New Labour elevated a pre-existing Jewish network to national importance — and therein lies the problem. The Jewish community has long preferred to attempt to influence the political process through discreet advocacy and relationship building rather than through public demonstrations and campaigning. This discretion is rooted in long-standing concerns to be seen as good British citizens, to not show ingratitude to the “hospitality” of this country. British politics since the 1990s has witnessed a paradoxical process in which lobbying has become ever more important to government, yet ever more the object of public suspicion.
Wealthy Jewish backers did not want their bankrolling of the party revealed because it did not look good. This presented an interesting problem for Labour’s fundraisers. So, various wheezes were dreamed up by which the identity of donors could be concealed. One was to disguise donations as “loans” to the party, a second was hand-outs to favoured think-tanks or charities, and a third was the use of third-party proxies in whose name donations were made.
And Mendelsohn’s own lobbying firm LLM was dragged into the mire time and again. There were the newspaper exposés revealing practices that looked suspiciously like cash-for-access. There was the time that LLM’s client, the — Jewish owned — Tesco supermarket chain donated £12 million to Labour’s The Dome arena project. This coincided with the dropping of a proposed car park tax that could have cost Tesco £20 million.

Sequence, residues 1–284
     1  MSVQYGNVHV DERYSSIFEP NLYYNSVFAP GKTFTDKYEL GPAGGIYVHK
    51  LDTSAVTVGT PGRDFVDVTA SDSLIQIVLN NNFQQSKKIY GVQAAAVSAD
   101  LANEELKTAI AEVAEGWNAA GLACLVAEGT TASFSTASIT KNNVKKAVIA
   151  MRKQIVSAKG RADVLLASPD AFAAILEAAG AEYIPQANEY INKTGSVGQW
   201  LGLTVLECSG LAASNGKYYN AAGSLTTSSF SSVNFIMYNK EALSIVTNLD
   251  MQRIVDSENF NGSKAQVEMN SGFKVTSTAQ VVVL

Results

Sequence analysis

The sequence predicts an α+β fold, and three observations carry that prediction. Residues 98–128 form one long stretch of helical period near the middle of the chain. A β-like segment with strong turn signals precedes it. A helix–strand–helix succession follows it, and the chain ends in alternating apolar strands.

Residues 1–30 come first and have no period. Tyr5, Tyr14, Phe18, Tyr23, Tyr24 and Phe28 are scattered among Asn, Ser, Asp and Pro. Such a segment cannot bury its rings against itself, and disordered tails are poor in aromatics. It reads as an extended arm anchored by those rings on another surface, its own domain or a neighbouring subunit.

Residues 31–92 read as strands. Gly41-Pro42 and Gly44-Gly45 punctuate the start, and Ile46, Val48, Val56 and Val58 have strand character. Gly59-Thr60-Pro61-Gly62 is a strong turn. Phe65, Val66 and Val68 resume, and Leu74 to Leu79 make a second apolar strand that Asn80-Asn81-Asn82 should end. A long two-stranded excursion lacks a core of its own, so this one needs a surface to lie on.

Mendelsohn’s company became embroiled in another sleaze row when he was Labour’s chief fund raiser. On his watch it turned out that approximately £650,000 of donations were channelled through three third party “proxies” in a manoeuvre designed to conceal the identity of a Jewish millionaire. Despite calls for the lobbyist’s head over this one, the Labour Party decided to believe Mendelsohn’s pleas that it had nothing to do with him.
Then there was the sleazy gambling machine episode. Britain underwent a gambling boom in the nineties. The spread of a new generation of highly-addictive gambling machines netted huge profits for operators — but were also a scourge in poorer, more vulnerable communities. Poverty advocates, including the Salvation Army, campaigned for tighter controls. This should have been a sensitive issue for a Labour Party which was still masquerading as a defender of the poor.
Blair’s government did eventually act, but all it was interested in was grabbing a bigger slice of the gambling machine profits through taxation. At the time the huge Jewish-owned betting shop chain Ladbrokes was seeking to reduce its exposure to this tax.
LLM’s lobbying strategy paid off and the Labour government’s plan to tax the gambling machines was quietly dropped. Instead of controlling the industry, the new Gambling Act paved the way for Britain’s first super-casino (eight more are planned).